2005 Ferrari 612 Scaglietti
Say Ferrari, and everyone who hears it thinks all out speed. But Ferrari has built its share of luxurious grand touring cars as well, and the latest of these lavish Ferraris is the 612 Scaglietti. It’s comfortable, but it’s also oh so very quick. After all, it is a Ferrari.
The 2005 Ferrari 612 Scaglietti isn’t just another Italian car, or even just another Ferrari. It’s a big Ferrari, significantly larger than its predecessor the 456. But this massive Grand Touring coupe, named after famed coach builder Sergio Scaglietti, is notable for much more than just its size. There’s also the striking Pininfarina body, inspired by the 1950’s 375 MM. It’s the first time all-aluminum coachwork has been used on a Ferrari V-12.
Now, we could go on and on about the deep scalloped side panels, the tall fenders that blend into the projector beam lamp clusters, and the flowing tail with its subtle spoiler. But let’s leave it to the words of the man who really knows his car.
SERGIO PININFARINA: It is faster, it is lighter, it has more room inside, and it has more room for the baggage compartment. Everything is more, but even more aggressive. And this is important, because the front look and the look of the car is very elegant and very sporty, as a Ferrari should be.
The fluid lines wrap around an aluminum spaceframe chassis that helps keep weight down to a mere 4,056 pounds. But weight isn’t a problem when you’re packing a 5.7-liter all-aluminum quad-cam 48-valve V12 engine. Mounted behind the front axle, its 540 horsepower and 434 pound-feet of torque is true supercar power.
Mated to the big V12 is either a 6-speed manual gearbox, or the F1A electro-hydraulic 6-speed with paddle shifters. The F1A also offers an automatic mode, and is linked to a new electronic stability and traction system. This helps keep the wheels in line, as even on a 90 degree plus day the 612 hammers to 60 in 4.7 seconds, and through the quarter mile in 13 seconds flat at 113 miles-per-hour.
As expected, the sweet, smooth V12 spins up fast, delivering healthy punch from the word go. But compared to past Ferrari V12s, this one is almost quiet.
The electronic gearbox, like its predecessors, continues to shift harshly at high throttle loads. Gear changes are cleaner at small throttle openings, and the engine’s massive torque allows you to cruise through traffic with minimal shifting.
The lightweight chassis is complemented by a control arm suspension with adaptive damping. It delivers a remarkably supple ride. But what’s really remarkable is how beautifully balanced this 16-foot luxury cruiser is. With only 45% of the weight over the front wheels, it turns like a car half its size, dancing nimbly from corner to corner with no roll or instability. Only steering feel needs improving.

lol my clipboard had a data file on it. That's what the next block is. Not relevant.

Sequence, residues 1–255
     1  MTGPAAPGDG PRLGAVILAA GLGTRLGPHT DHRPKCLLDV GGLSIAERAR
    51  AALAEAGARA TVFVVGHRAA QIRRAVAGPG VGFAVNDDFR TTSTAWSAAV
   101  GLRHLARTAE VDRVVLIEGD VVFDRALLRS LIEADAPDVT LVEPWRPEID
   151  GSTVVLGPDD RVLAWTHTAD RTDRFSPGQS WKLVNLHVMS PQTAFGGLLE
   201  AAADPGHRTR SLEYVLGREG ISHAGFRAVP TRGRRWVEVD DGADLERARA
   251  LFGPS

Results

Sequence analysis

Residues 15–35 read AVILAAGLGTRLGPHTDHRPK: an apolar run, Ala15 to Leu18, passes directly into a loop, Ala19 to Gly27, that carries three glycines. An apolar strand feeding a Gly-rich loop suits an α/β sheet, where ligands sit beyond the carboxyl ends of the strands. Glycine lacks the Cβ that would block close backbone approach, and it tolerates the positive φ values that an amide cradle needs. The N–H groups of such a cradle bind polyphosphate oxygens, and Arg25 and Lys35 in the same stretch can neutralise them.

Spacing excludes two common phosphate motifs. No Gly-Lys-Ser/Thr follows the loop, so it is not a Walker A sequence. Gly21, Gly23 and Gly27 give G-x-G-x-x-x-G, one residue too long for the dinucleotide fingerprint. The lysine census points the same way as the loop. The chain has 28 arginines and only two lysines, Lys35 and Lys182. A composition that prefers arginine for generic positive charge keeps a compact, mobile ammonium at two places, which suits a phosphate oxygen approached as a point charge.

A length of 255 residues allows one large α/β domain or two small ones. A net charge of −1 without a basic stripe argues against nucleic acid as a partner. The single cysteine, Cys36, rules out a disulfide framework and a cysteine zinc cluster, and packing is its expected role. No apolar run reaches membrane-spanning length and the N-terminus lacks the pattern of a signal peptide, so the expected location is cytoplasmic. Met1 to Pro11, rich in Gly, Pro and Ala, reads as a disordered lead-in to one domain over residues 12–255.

Braking is by huge vented discs with ABS. Stops from 60 averaged a short and solid 118 feet, with good feedback from the soft, long-travel pedal.
Moving from performance to indulgence, we find a stunning 4-seat cabin, swaddled in acres of fine leather. The dash is distinctive, but simple with little modern gadgetry to distract you from driving. The gauges are split between an analog tach and speedo, and an LCD display for engine functions and fuel, while the audio system is a simple single CD configuration, and the climate controls are hard-to-misuse dials. And for that proper Ferrari feel, a set of drilled aluminum pedals.
The power-operated front seats feature distinctive contrasting leather trim, and offer good comfort for long drives. But the rear buckets, while equally attractive, have no leg room to speak of, so this is a true 2+2.
The trunk is an unusual multi-level space that when fully utilized will hold a weekend’s worth of very expensive clothes, which is what you’ll wear when you can afford a car with a base price of $253,250. That’s with the 6-speed manual gearbox. Opt for our test car’s F1A transmission, and $265,255 is the price to enter this very exclusive club – a club where supercar performance and super-sedan luxury go hand in hand, and one which only rare and special cars like the 2005 Ferrari 612 Scaglietti are ever allowed to join.
- Engine: 5.7-Liter All-aluminum Quad-cam 48-valve V12
- Horsepower: 540
- Torque: 434 Lb Feet
- 0-60 MPH: 4.7 Seconds
- 1/4 Mile: 13.0 Seconds @ 113 MPH
- 60-0 MPH: 118 Feet